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The Country House Kitchen Garden 1600â"1950
By C. Anne Wilson
The History PressCopyright © 2014 C. Anne Wilson, Susan Campbell, Malcolm Thick Simone Sekers, Todd Gray, Una A. Robertson, Joan Thirsk, Layinka Swinburne
All rights reserved.
Digging, Sowing Andcropping in the Open Ground, 1600–1900
The layout of a kitchen garden in the early seventeenth century, with grid-like paths dividing the open ground into cultivable compartments or 'quarters', is classical; it is an ancient design that enabled the soil to be worked on and watered by the most simple and direct means. It is a layout that would have been seen too, in kitchen gardens throughout the three centuries covered by this chapter, and one that is still adhered to today. Over the same period, although there is a marked increase in the number of varieties of each type of fruit, salad and vegetable grown on the open ground, the crops remain remarkably similar.
However, three characteristics of the kitchen garden were to change considerably between 1600 and 1900. First, the kitchen garden itself, which had hitherto been close to the house, began to be moved further from it. Second, the walls surrounding the kitchen garden became progressively higher. Third, the raised or sunken beds within the quarters, and the small paths which had previously separated them, were to disappear, so that crops could be grown on the flat, in long rows.
The alteration of the kitchen garden's position vis-à-vis the house was due partly to seventeenth-, eighteenth- and nineteenth-century aesthetics and partly to the realization that a kitchen garden's requirements of soil, drainage, shelter, space, aspect and access were often better suited by a site that was not necessarily beneath the very windows of the mansion. The recognition, early in the seventeenth century, that ornamental plants had different requirements from plants grown as food, and the development of new methods of cultivation, were further reasons for the removal of the kitchen garden to a distance. The kitchen garden walls were built increasingly high, at first to support a greater area of fruit trees, and later to accommodate lean-to glasshouses as well. The protection afforded by high walls also benefited crops grown on the open ground, but their forbidding appearance, from the outside at least, and the way in which they interrupted views from the house, were further reasons for the re-siting of the kitchen garden.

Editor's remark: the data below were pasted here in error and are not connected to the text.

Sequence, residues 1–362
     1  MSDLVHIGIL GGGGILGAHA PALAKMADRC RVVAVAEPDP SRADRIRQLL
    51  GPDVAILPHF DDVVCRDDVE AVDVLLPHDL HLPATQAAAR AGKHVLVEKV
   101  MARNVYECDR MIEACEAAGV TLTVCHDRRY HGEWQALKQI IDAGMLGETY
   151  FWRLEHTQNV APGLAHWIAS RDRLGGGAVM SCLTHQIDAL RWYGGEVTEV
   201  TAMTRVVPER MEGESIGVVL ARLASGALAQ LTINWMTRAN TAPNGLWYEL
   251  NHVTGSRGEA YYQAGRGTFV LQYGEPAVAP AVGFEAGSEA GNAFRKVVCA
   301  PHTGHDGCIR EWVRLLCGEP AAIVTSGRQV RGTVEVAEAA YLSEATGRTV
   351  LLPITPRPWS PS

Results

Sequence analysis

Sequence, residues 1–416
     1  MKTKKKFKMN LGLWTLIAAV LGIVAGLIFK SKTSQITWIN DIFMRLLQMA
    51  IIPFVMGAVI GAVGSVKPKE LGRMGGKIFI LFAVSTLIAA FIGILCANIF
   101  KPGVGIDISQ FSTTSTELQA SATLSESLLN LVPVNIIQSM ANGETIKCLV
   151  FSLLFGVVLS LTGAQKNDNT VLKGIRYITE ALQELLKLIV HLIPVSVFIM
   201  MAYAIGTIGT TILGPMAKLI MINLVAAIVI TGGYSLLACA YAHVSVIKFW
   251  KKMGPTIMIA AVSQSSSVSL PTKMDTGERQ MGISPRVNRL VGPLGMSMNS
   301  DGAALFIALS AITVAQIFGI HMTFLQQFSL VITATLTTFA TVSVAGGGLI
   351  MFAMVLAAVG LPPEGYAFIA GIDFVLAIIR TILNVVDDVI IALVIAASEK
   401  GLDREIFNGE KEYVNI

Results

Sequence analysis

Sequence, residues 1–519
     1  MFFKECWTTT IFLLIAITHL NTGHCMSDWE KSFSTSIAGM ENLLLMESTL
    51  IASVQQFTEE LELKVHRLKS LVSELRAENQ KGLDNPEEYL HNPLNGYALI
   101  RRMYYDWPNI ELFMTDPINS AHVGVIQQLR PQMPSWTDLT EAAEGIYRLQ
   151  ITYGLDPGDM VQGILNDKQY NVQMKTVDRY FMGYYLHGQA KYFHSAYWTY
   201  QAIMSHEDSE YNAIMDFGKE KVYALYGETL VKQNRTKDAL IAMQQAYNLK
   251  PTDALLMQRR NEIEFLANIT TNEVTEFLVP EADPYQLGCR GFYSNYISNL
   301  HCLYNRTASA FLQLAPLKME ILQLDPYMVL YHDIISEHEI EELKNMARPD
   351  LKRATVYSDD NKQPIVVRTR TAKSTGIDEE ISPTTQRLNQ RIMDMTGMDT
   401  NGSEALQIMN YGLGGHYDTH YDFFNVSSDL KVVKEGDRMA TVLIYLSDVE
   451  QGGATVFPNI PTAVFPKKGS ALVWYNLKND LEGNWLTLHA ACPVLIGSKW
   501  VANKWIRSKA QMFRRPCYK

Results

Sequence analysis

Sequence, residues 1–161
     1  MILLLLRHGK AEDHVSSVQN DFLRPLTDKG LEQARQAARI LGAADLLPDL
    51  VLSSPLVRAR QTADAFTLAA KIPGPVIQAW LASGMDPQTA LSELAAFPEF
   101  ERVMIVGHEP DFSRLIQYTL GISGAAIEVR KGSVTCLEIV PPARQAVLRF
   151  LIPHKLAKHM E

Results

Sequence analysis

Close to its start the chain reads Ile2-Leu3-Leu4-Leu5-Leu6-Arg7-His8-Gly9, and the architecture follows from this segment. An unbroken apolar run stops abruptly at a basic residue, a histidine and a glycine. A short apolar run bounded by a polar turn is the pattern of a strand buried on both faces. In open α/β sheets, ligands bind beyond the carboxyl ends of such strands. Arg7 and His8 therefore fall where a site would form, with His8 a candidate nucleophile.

This chapter is primarily concerned with the ways in which the beds on the open ground were dug, sown and cropped; however, some mention of the situation of the kitchen garden and its walls must be made as well, since the subjects are linked.
The Early Seventeenth-Century Kitchen Garden
At the start of the seventeenth century, the kitchen garden of a family with moderate means was an integral part of the garden as a whole. It was usually found close to the 'offices' – that is to say the kitchen, outbuildings and stables – but it was often visible from the best rooms as well. Vegetables and salads were grown in compartments, in individual beds, with small mud paths between them. They might be screened from the visitor's view by flowery borders or fruit trees trained on open fencing. (This form of screen was known later as a polehedge or contre espalier.) Coarser fruits and vegetables – cider apples and perry pears, peas and beans for drying, and various root crops – could be grown in orchards and fields, but the early seventeenth-century kitchen garden, like the Tudor garden that preceded it, contained a mixture of fruit trees and fruit bushes, salad plants, useful herbs, tender, edible roots and delicate leafy vegetables as well as flowers and ornamental shrubs.
The owners of these gardens stored vegetables with good keeping qualities over the winter months, but they also liked to have freshly gathered vegetables in the winter. Vegetables and salads were needed to add variety too, to a Lenten diet. To fulfil these requirements they sowed as many hardy varieties of vegetable as possible in the late summer, thinning them or transplanting them in the autumn and leaving them to grow in sheltered beds and borders over winter. Cabbages, beets, spinach, certain varieties of lettuce, endives, turnips and broad beans came into this category; with the advent of hotbeds and glasshouses (see Chapter 5) the choice was very much extended.